The statute in pertinent part makes it “unlawful for an employer . . . to fail or refuse to hire or to discharge any individual or otherwise discriminate against any individual with respect to his compensation, terms, conditions, or privileges of employment, because of such individual’s age.” 29 U.S.C. sec. 623(a)(1). The protected class is employees 40 years of age and over. Id. sec. 631. [back] 2
Accord Ramirez v. Puerto Rico Fire Serv., 715 F.2d 694, 700-701 (1st Cir. 1983); Santiago v. New York State Dep’t of Correctional Servs., 945 F.2d 25, 31 (2d Cir. 1991) (dictum); Blanciak v. Allegheny Ludlum Corp., 77 F.3d 690, 695 (3d Cir. 1996); Arritt v. Grisell, 567 F.2d 1267, 1271 n.11 (4th Cir. 1977); Scott v. Univ. of Mississippi, 148 F.3d 493, 500 (5th Cir. 1998); Coger v. Bd. of Regents of Tennessee, 154 F.3d 296, 307 (6th Cir. 1998); Keeton v. Univ. of Nevada System, 150 F.3d 1055, 1057 (9th Cir. 1998); Hurd v. Pittsburgh State Univ., 109 F.3d 1540, 1544 (10th Cir. 1997). [back] 3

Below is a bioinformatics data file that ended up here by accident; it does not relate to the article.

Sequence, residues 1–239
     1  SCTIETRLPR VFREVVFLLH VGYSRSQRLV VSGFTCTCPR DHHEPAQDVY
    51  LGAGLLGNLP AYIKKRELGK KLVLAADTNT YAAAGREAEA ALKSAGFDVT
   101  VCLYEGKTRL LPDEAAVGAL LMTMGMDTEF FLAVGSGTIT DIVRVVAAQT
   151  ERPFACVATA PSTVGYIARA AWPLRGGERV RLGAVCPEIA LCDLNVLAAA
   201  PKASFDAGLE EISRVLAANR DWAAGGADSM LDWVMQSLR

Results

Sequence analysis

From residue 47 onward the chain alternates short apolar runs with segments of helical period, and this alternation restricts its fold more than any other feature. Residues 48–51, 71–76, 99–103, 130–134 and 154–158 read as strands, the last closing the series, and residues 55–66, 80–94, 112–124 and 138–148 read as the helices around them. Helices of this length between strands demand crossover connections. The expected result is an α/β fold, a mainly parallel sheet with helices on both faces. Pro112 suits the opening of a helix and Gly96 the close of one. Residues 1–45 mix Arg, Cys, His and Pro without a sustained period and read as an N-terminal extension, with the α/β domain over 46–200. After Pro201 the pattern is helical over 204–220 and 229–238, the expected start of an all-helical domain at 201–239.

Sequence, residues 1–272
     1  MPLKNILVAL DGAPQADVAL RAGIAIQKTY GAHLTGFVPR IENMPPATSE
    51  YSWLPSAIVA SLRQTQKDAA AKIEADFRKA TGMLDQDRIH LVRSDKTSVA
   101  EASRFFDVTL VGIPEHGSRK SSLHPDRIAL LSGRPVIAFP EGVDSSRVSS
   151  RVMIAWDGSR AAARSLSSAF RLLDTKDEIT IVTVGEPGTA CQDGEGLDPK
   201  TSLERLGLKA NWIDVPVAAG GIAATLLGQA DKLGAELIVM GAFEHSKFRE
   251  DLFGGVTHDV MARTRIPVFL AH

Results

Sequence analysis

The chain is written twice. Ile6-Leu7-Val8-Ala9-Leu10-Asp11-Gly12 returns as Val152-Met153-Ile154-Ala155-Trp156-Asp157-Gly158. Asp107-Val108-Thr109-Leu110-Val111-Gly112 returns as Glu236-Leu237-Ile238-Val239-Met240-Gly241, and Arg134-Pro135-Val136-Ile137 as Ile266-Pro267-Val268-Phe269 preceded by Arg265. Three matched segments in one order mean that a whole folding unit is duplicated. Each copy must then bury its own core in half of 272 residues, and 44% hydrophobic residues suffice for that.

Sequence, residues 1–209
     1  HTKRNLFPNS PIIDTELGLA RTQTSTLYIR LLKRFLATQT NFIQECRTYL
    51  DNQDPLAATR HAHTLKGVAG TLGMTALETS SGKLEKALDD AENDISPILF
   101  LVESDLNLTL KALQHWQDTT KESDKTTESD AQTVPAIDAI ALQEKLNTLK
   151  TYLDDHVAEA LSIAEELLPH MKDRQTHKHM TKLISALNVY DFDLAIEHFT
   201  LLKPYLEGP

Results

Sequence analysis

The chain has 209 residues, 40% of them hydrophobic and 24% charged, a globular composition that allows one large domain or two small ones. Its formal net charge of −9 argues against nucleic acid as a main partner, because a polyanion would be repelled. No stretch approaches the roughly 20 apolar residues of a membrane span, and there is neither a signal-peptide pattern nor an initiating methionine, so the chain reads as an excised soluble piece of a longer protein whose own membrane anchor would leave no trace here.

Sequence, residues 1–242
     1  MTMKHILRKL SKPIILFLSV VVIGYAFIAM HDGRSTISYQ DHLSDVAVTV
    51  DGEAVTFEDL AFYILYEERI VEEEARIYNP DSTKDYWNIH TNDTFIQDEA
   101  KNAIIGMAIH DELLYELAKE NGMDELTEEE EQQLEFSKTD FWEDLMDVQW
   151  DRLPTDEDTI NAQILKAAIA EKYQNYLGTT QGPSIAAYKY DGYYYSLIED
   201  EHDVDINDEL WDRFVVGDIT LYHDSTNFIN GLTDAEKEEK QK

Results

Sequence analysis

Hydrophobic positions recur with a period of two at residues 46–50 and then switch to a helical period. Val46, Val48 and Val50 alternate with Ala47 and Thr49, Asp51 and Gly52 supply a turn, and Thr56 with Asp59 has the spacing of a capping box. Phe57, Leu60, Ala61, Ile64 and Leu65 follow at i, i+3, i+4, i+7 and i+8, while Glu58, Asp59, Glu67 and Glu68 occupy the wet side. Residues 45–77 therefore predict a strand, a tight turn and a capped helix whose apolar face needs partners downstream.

The ADEA would satisfy the Commerce Power standard if it applied because we have both unmistakably clear language and support in the legislative history. The 1974 amendment was intended to “remove discriminatory barriers against employment of older workers . . . at the Federal and local government levels as it has . . . in private employment.” S. Rep. No. 93-690, 93d Cong., 2d Sess., 55 (1974); H.R. Rep. No. 93- 913, 93d Cong., 2d Sess., reprinted in 1974 U.S.C.C.A.N. 2811, 2850. [back]
Theodore F. Wichmann
, Plaintiff-Appellee, v. Board of Trustees of Southern Illinois University
, Defendant-Appellant. No. 97-2902 Appeal from the United States District Court for the Southern District of Illinois. No. 95 C 4134–Philip M. Frazier, Magistrate Judge. Argued September 11, 1998–Decided June 7, 1999 *
Before CUMMINGS, FLAUM and ROVNER, Circuit Judges.